The “Very Short Introduction” series from Oxford University Press is a collection of over 300 books on a wide variety of topics ranging alphabetically from “Advertising” to “Writing and Script”. (Mathematical topics on the list include game theory, logic, and statistics, as well as mathematics itself.) The books are designed as quick entries into new fields for curious readers, and this work on probability comes in at under 130 pages while hitting all of the most significant ideas without requiring any advanced mathematical prerequisites.
John Haigh is well-suited for this task, having previously written the much longer Taking Chances on the same subject and for approximately the same audience. His exposition draws on familiar circumstances where probability is applied, including airplane overbooking, medical testing, and surveys, and does so without either drowning in formulas or skimping on mathematics. The normal distribution and Central Limit Theorem both appear in their proper level of rigor but at the same time accessible to newcomers.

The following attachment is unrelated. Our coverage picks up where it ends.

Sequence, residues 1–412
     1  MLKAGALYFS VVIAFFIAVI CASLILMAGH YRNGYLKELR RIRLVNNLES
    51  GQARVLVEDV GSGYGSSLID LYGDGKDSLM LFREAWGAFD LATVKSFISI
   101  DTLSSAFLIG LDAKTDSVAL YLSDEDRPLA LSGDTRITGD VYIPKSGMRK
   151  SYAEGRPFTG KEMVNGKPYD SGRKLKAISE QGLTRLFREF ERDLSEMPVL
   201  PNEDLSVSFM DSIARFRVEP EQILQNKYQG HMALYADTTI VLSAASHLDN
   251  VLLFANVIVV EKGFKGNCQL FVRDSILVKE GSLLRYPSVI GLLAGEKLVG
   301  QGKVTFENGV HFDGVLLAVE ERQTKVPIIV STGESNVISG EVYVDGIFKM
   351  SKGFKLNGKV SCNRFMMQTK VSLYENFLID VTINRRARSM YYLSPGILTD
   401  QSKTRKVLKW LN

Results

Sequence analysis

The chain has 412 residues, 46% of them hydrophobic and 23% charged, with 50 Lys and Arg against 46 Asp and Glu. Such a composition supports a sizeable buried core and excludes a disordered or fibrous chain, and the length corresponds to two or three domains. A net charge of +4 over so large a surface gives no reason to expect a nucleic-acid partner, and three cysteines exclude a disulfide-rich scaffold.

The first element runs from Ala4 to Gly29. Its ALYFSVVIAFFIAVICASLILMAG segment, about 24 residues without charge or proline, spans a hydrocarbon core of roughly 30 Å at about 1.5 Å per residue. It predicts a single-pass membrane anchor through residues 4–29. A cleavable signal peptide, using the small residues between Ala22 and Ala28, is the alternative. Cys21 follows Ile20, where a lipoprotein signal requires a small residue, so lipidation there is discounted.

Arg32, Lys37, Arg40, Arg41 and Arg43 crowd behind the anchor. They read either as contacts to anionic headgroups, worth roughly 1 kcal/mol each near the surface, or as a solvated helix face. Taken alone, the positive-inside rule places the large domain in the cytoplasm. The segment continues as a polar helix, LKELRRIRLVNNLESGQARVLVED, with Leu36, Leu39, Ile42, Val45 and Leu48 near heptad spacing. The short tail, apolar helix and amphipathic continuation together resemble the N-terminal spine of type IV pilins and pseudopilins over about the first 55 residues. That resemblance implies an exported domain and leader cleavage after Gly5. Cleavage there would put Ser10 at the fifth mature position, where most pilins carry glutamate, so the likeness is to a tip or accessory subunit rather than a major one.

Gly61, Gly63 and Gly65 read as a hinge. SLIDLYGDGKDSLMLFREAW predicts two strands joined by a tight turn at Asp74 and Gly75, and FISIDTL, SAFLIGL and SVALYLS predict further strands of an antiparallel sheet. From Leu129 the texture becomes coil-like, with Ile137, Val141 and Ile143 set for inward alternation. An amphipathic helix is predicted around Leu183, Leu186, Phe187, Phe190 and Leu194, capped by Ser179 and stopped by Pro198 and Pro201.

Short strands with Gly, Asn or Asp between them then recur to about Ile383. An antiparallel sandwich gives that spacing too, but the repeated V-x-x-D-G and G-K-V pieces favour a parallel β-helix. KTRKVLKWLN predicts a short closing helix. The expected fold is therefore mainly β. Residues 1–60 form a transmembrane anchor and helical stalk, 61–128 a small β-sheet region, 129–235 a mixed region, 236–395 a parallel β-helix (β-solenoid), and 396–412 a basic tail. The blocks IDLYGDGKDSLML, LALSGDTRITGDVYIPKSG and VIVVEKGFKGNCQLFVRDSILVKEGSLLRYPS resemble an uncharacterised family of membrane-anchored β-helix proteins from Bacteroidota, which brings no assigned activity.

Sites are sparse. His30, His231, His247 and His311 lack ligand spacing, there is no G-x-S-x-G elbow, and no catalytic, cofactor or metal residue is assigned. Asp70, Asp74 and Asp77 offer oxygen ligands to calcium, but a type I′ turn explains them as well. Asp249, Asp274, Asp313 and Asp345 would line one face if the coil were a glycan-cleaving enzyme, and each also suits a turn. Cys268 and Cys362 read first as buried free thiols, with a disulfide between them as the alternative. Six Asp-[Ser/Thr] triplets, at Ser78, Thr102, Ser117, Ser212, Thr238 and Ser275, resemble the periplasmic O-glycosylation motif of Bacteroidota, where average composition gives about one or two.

In teaching elementary probability, one invariably confronts the differences among theoretical, experimental, and subjective probability — and usually rapidly explains away the last as less important, because it’s far less amenable to mathematical description. Haigh chooses to place somewhat more emphasis than that on subjective probability, which is probably a wise move for a general audience. Someone wishing to learn what probability is about but who is concerned about their mathematical background will be well-served by this book, and perhaps will be interested enough to investigate the subject further. Since that’s what this series is all about, Probability: A Very Short Introduction has hit its target.
Mark Bollman (firstname.lastname@example.org) is associate professor of mathematics at Albion College in Michigan. His mathematical interests include number theory, probability, and geometry. His claim to be the only Project NExT fellow (Forest dot, 2002) who has taught both English composition and organic chemistry to college students has not, to his knowledge, been successfully contradicted. If it ever is, he is sure that his experience teaching introductory geology will break the deadlock.